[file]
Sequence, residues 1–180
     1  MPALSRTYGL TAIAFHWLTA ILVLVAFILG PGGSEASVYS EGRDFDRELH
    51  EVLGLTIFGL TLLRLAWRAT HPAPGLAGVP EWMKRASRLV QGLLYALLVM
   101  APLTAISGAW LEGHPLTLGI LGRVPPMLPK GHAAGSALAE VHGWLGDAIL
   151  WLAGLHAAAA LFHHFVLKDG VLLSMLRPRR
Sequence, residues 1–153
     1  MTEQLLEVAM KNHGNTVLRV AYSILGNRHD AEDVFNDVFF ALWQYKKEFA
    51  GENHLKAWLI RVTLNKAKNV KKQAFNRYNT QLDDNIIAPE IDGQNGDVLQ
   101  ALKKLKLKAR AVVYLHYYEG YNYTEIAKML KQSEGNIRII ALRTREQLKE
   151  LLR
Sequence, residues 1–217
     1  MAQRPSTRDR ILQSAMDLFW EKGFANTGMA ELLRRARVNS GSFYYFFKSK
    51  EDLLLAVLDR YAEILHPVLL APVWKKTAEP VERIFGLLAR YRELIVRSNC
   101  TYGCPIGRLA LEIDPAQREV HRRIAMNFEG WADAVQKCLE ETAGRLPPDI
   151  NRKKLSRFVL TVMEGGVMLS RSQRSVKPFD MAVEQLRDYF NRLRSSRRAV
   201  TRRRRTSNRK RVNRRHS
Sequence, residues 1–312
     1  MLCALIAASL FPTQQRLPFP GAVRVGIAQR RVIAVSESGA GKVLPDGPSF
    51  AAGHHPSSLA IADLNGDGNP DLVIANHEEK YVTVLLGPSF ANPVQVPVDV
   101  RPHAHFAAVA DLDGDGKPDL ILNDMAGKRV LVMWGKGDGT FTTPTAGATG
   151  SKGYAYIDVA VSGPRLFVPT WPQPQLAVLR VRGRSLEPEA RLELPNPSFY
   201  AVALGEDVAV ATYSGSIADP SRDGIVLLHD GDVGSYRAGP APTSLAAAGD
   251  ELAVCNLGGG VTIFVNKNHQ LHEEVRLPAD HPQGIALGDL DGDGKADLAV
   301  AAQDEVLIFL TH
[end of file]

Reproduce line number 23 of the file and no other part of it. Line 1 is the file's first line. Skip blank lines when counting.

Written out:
   251  ELAVCNLGGG VTIFVNKNHQ LHEEVRLPAD HPQGIALGDL DGDGKADLAV